Here are SIX things I learned, thought were interesting, or found useful.
Three Rules From Frank
On a flight a couple weeks ago, I sat next to a 86-year-old named Frank. Frank is a retired firefighter who now serves his city on City Council. He was sharp and spry and so, as we were about to land, I asked Frank the secret to his vitality. He said: “Keep moving. Keep learning. Keep loving.” He was on this flight to see another district court judge for another consulting job, and he was flying back home later that evening—Frank keeps moving. He had nothing else with him but a tote bag carrying a few books—Frank keeps learning. He told me his sixty-sixth wedding anniversary is coming up in May—Frank keeps loving.
Spend Energy To Have Energy
It’s a paradox (and so familiar from experience): your energy level is often proportional to your energy expenditure. After a relaxing vacation, you’re exhausted. After weeks in quarantine doing nothing, you’re exhausted. After a day idly watching Netflix and scrolling and tapping a screen, you’re exhausted. On the flip side: after a hard workout, you’re energized. After straining your brain with a good book, you’re energized. After practicing an instrument then a hike with your dog then a couple hours of deep work then cooking for and hosting some friends, you’re energized. This intuition-reversing idea—that you have to spend energy to have energy—is something Arnold Bennett talks about in his short volume How to Live on 24 Hours a Day. In it, Bennett zeroed in on the question on how one realizes the full potential of the hours outside of work. Essentially, bias towards mentally or physically strenuous activity. “What? You say that full energy given to those [non-working] hours will lessen the value of the business eight? Not so. On the contrary, it will assuredly increase the value of the business eight. One of the chief things which my typical man has to learn is that the mental faculties are capable of a continuous hard activity; they do not tire like an arm or a leg. All they want is change—not rest, except in sleep.”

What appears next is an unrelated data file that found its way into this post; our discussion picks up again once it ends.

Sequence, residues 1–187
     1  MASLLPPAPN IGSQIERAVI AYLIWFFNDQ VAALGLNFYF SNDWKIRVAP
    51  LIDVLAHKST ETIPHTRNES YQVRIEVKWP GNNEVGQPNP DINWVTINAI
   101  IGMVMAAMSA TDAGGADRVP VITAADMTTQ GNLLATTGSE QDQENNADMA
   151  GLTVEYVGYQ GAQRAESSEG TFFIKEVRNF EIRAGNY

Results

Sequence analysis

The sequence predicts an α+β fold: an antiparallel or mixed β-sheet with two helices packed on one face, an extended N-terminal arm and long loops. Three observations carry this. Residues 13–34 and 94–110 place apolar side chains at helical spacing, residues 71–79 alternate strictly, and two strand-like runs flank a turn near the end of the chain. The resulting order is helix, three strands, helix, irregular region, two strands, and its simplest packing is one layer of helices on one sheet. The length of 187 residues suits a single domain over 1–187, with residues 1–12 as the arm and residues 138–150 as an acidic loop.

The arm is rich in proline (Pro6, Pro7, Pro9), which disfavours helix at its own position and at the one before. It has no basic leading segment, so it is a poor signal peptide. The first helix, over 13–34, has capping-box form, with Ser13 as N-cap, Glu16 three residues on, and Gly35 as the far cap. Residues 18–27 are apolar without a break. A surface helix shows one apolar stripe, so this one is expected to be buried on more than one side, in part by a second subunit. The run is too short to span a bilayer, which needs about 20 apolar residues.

Treat Your Brain As If It’s A Cupboard